Wall Street’s bru­tal arith­metic

The Washington Post Sunday - - BUSINESS - ALLAN SLOAN allan.sloan@wash­post.com

Wall Street math can be a won­der­ful thing. If you’re on the right side of it, that is.

Con­sider, if you will, the case of Bill Ack­man, one of Wall Street’s best­known hedge fund man­agers, who did one fab­u­lously prof­itable deal in­volv­ing the nowdis­graced and dis­tressed Valeant drug com­pany and one hor­ri­bly un­prof­itable Valeant-re­lated deal.

The prof­itable deal pro­duced a $350 mil­lion pay­day for Ack­man, whose man­age­ment com­pany gets 16 per­cent of the prof­its — in this case, $2.2 bil­lion — that in­vestors in his Per­sh­ing Square funds make. The un­prof­itable deal has gen­er­ated a $4.2 bil­lion loss, all of which is be­ing borne by Per­sh­ing’s in­vestors.

How can this be? Wall Street math. Be­cause the Valeant-re­lated profit was earned in 2014 and the Valeant-re­lated losses did not start un­til 2015, Ack­man got to keep the $350 mil­lion fee gen­er­ated by the 2014 profit.

Now, let’s back up a bit, and I’ll take you through this.

In 2014, a year in which Ack­man’s pri-

81 cents, 1.7%

vate hedge fund — he also runs a fund with pub­licly traded shares — earned a stun­ning 37 per­cent (after fees) for his in­vestors, Ack­man made a con­tro­ver­sial but wildly suc­cess­ful deal with Valeant. That was be­fore Valeant’s price-goug­ing strat­egy made it a na­tional pariah and its fi­nances turned into a sham­bles.

Valeant wanted to buy an­other drug com­pany, Al­ler­gan, but knew it would be dif­fi­cult.

So it made a deal with Ack­man for his funds to buy a large Al­ler­gan stake be­fore Valeant an­nounced its takeover in­ten­tions.

It was like shoot­ing fish in a bar­rel for Ack­man be­cause he knew that Al­ler­gan’s price would run up after Valeant made its of­fer. Which it did. A bat­tle en­sued, and Al­ler­gan sold out to a Valeant ri­val. But Ack­man’s Per­sh­ing Square funds emerged with that $2.2 bil­lion profit.

Then, in 2015, Ack­man de­cided that Valeant it­self was a great in­vest­ment. Which it wasn’t. Valeant’s price goug­ing and frag­ile fi­nances drove the stock down and down. So Ack­man, who had done ev­ery­thing he could to boost Valeant’s share price — in­clud­ing join­ing Valeant’s board and pick­ing fights with the likes of Char­lie Munger, War­ren Buf­fett’s part­ner and one of Wall Street’s most revered fig­ures — re­cently sold Per­sh­ing’s fi­nal Valeant stake.

Per­sh­ing ended up $4.2 bil­lion be­hind. Per­sh­ing’s in­vestors, that is.

Over­all, Per­sh­ing’s in­vestors lost a com­bined $2 bil­lion on Valeant deals. But be­cause the $2.2 bil­lion gain came in 2014 and the $4.2 bil­lion loss came in 2015, 2016 and 2017, Per­sh­ing’s two Valeant-re­lated deals are treated sep­a­rately for pur­poses of cal­cu­lat­ing “car­ried in­ter­est” fees for Ack­man’s man­age­ment com­pany.

Even though Ack­man, who has be­come one of Wall Street’s most mocked man­agers, wouldn’t talk to me, it’s only fair to point out that a good part of his piece of the $350 mil­lion fee was prob­a­bly rein­vested in Per­sh­ing Square. Ack­man prob­a­bly has a good part of his net worth tied up in Per­sh­ing’s funds and feels some of the fund in­vestors’ pain.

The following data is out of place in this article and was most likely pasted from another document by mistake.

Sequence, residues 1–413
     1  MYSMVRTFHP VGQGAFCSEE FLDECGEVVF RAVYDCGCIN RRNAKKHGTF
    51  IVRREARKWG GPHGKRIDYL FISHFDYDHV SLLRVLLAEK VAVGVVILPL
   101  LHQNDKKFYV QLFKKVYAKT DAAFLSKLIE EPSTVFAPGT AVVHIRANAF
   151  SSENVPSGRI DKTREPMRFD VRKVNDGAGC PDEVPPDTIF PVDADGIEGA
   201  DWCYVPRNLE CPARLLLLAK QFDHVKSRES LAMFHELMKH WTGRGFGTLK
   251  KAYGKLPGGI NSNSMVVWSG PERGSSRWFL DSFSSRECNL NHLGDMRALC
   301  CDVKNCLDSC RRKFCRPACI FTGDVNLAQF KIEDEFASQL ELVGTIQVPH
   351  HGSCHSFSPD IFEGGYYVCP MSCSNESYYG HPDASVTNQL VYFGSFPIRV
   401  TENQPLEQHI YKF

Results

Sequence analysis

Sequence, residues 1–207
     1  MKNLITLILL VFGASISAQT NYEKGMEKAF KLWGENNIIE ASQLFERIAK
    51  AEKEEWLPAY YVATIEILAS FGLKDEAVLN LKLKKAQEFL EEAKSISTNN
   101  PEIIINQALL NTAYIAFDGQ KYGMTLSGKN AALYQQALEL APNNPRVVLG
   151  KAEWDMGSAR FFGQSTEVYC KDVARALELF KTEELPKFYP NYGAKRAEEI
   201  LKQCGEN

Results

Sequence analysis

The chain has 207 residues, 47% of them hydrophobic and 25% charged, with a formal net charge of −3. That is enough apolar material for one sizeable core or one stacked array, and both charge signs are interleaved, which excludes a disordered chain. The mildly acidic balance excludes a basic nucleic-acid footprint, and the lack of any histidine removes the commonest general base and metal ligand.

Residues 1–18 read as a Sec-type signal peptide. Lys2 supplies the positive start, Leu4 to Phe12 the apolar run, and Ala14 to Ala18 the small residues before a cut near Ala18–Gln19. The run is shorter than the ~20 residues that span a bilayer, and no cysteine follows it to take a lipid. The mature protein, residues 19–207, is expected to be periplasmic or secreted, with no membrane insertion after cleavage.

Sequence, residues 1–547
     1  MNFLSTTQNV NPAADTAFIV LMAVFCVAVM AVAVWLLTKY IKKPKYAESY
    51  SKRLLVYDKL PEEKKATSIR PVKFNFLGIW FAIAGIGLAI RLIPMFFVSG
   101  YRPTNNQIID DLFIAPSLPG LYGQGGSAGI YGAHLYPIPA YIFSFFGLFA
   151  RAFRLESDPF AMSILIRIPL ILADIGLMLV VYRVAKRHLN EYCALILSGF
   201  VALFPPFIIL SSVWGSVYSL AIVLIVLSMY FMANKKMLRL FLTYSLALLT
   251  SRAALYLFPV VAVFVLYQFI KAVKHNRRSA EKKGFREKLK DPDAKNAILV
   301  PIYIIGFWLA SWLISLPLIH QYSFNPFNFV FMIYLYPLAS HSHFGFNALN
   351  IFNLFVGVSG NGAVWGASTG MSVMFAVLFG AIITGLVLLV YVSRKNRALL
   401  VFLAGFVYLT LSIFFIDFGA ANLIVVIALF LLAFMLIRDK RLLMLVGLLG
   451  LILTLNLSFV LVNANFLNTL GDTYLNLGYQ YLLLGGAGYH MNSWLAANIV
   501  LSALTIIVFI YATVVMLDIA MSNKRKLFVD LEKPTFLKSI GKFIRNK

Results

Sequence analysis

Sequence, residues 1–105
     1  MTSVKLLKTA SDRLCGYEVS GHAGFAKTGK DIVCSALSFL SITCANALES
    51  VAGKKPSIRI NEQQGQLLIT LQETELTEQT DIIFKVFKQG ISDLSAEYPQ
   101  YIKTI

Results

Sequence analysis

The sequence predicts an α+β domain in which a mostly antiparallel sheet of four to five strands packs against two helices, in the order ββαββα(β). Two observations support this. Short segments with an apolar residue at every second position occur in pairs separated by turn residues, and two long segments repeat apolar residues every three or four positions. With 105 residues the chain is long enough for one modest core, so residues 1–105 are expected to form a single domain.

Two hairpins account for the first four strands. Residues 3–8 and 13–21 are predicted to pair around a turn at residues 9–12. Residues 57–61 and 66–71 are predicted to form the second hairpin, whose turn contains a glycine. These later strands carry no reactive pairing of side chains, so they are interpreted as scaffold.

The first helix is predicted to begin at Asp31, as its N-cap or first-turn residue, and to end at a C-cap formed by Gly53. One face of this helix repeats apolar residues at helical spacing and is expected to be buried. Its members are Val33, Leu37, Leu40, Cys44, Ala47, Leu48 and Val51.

Even with his dis­as­trous 2015 and 2016 per­for­mances — his pri­vate fund lost 16 per­cent and 9.6 per­cent, re­spec­tively, ac­cord­ing to peo­ple who have seen the fig­ures — his in­vestors have still earned 14.8 per­cent an­nu­ally, com­pounded, from the fund’s launch in 2014 through the end of last year. (The fund is about even this year.) But that’s down from the 24 per­cent an­nual re­turn the fund had posted through 2014.

Ack­man is now strug­gling with a dif­fer­ent piece of Wall Street math — what’s called the high-wa­ter mark.

The big, big money that hed­gies make comes from their piece of their in­vestors’ prof­its. But in a case like Ack­man’s, prof­its don’t be­gin to get counted un­til Per­sh­ing Square tops its pre­vi­ous high, which was in 2014.

Ack­man’s pri­vate fund is about 24 per­cent be­low its high­wa­ter mark. That means it has to rise about 32 per­cent from its cur­rent level just to get back to where it was at year-end 2014 be­fore it can re­sume gen­er­at­ing “car­ried in­ter­est” fees for Ack­man. (The math: 100 di­vided by 76 is about 1.32.)

That’s a daunt­ing ob­sta­cle. An­other prob­lem is a civil suit, cur­rently pend­ing, that charges that the $2.2 bil­lion of profit Per­sh­ing made on Al­ler­gan was il­licit be­cause it stemmed from ma­te­rial non­pub­lic in­for­ma­tion that Ack­man got from Valeant.

Valeant has agreed to bear 60 per­cent of any loss that Per­sh­ing might in­cur as a re­sult of the suit. That leaves Per­sh­ing Square in­vestors at risk for 40 per­cent.

If Per­sh­ing hold­ers have to shell out money as the re­sult of the suit, will Ack­man’s man­age­ment com­pany kick in 16 per­cent of any out­lays, given that it took 16 per­cent of the prof­its?

Some day, we may find out. And we’ll all get an­other ex­am­ple of how Wall Street math works.

Deals ALLAN SLOAN

BRENDAN MCDERMID/REUTERS

Bill Ack­man, chief ex­ec­u­tive of Per­sh­ing Square, earned $350 mil­lion in fees from in­vestors’ $2.2 bil­lion profit.

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